Security Journal UK catches up with David Scott, Managing Director of leading training provider, Skills for Security.
What are the main aims and objectives of Skills for Security?
Since I took over in 2019 as Managing Director, our main focus has been on the quality of training and achieving standards. We are one of the very few training providers that hire full-time staff from the fire and security sector to deliver the training instead of using contractors. This drives up the teaching quality which is something I am very passionate about.
Our other goals include making training more accessible by removing barriers with multiple satellite centres for example. We are diversifying our offerings with varying training programmes and investing in resources such as bespoke workshops, which create practical work environments for our learners.
How has Skills for Security evolved since it was first formed?
I can’t comment fully on how Skills for Security (SfS) has evolved, but the Government drive to change apprenticeship frameworks to standards greatly affected the SfS business model between 2016-2019. However since then, we have positioned ourselves as the sector’s largest fire and security apprenticeship provider with over 250 apprentices currently on the programme. As part of our responsibilities as the sector skills body, we are also heavily involved in supporting the industry to develop apprenticeship standards. We are working in England to develop a Level 2 and 5 security officer services (SOS) apprenticeship. In Scotland, we are developing an SOS apprenticeship that should be ready in 2021. Both of these apprenticeship programmes will be hugely beneficial in professionalising the sector and allowing our larger employers to utilise their levy funding for training.
What have been your proudest achievements during your time as Managing Director?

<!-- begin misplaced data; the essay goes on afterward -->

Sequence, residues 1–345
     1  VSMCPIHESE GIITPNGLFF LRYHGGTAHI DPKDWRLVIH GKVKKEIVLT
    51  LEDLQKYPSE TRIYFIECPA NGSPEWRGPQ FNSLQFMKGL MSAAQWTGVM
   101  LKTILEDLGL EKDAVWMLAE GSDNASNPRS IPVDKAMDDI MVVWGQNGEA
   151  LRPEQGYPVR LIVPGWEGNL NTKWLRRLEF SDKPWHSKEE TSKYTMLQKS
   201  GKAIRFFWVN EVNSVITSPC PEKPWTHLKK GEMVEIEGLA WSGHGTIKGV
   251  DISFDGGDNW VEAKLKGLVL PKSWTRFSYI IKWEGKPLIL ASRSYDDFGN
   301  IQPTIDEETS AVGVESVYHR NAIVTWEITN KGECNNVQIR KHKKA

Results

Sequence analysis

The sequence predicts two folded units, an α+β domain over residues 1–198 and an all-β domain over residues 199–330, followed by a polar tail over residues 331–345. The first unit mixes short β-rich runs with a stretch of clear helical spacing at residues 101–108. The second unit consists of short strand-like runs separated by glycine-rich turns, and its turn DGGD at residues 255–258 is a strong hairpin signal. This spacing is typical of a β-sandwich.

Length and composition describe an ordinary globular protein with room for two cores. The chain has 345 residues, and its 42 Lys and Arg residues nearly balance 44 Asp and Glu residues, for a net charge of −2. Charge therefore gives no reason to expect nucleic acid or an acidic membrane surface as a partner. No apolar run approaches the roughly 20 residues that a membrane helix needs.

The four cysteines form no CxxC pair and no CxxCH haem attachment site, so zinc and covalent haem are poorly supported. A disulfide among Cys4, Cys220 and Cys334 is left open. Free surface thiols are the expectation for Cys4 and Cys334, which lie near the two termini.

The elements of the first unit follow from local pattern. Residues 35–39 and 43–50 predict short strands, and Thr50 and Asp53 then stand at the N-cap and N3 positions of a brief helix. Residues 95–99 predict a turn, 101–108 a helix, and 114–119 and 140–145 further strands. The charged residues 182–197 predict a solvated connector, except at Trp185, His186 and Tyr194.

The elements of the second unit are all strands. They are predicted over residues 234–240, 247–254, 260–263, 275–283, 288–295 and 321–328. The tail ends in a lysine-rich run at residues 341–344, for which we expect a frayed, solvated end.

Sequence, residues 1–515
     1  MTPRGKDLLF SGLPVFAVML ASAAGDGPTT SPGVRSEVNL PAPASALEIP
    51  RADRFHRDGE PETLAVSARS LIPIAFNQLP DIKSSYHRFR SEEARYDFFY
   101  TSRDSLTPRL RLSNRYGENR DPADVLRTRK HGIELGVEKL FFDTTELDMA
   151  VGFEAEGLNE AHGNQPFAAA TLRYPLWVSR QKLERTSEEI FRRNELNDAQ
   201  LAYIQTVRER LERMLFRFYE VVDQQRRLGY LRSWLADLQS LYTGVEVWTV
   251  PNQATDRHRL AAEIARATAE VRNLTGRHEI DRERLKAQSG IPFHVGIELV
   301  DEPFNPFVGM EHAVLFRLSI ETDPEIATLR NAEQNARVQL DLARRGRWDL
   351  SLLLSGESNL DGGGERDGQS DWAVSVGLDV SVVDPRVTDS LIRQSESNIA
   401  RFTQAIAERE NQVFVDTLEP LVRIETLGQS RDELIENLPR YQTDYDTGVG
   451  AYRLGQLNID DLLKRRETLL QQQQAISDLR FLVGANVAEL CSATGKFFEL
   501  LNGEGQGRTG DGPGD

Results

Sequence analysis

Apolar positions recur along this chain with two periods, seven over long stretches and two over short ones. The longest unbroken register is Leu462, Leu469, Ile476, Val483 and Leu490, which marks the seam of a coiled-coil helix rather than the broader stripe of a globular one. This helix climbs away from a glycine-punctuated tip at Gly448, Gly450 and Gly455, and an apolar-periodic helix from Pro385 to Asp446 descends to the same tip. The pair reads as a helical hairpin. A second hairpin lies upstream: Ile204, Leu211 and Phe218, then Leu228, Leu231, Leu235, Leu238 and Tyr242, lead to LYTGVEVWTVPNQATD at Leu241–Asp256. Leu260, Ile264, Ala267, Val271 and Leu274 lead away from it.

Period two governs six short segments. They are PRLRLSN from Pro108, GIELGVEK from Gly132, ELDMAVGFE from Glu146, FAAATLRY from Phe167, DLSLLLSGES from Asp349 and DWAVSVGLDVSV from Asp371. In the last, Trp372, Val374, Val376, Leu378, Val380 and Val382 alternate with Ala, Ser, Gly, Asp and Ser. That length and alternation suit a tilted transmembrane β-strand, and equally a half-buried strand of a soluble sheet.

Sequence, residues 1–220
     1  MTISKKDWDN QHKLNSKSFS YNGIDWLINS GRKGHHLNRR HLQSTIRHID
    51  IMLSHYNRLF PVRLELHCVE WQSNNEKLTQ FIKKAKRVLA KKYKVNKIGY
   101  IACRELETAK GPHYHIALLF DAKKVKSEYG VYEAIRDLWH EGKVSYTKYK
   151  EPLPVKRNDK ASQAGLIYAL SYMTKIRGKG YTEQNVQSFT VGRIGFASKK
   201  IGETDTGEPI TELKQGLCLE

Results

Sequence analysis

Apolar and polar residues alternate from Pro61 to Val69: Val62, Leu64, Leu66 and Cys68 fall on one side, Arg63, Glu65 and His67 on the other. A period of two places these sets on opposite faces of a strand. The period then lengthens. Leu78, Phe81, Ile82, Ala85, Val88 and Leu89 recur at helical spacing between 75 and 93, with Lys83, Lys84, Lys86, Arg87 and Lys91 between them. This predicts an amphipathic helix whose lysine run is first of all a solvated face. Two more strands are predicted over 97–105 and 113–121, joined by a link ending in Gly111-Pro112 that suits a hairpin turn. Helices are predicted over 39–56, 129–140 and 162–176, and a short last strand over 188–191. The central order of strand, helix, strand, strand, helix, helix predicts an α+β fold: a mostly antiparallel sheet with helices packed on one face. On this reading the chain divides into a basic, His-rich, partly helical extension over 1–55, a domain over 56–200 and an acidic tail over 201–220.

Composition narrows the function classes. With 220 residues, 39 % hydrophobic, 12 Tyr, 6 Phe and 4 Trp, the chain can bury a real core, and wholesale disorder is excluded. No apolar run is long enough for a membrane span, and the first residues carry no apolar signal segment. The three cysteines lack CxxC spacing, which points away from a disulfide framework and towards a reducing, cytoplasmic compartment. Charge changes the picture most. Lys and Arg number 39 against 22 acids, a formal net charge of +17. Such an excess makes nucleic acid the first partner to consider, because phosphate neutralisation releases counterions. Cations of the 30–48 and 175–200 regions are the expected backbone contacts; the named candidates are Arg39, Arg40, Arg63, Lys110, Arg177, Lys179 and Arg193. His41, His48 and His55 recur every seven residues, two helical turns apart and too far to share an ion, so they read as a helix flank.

As many people know, I am an ex- Skills for Security apprentice myself, so to see the company go from strength-to-strength has been extremely satisfying. In my first year, we doubled the budgeted surplus, doubled the number of apprentices enrolled, opened a new HQ in Warrington, three new satellite centres in Southport, Oxford and Birmingham and recruited eight new members of staff. It has been extremely exciting and personally rewarding.
My proudest moment by far was introducing the security sector into World Skills UK (WSUK), where we showcased six apprentice’s skills to over 80,000 visitors at the NEC in Birmingham. It brought back several fond memories of my time as an apprentice and why my role at SfS is so vital to the sector’s future viability.
How has COVID-19 impacted the business?
Luckily it hasn’t impacted us negatively and we believe this is due to a mixture of Government support in the furlough scheme and the sector’s resilience. Redundancies of apprentices have been few and far between and numbers on the programme continue to rise. In a direct comparison of Q1 in 2019 (pre-COVID) and Q1 2020, the recruitment is on par. We now have over 250 apprentices enrolled with us, 30 of which have already completed the programme. Over the pandemic we have recruited around 150 new apprentices. So far, eight new members of staff have joined our team and we are actively recruiting tutors to support our growth.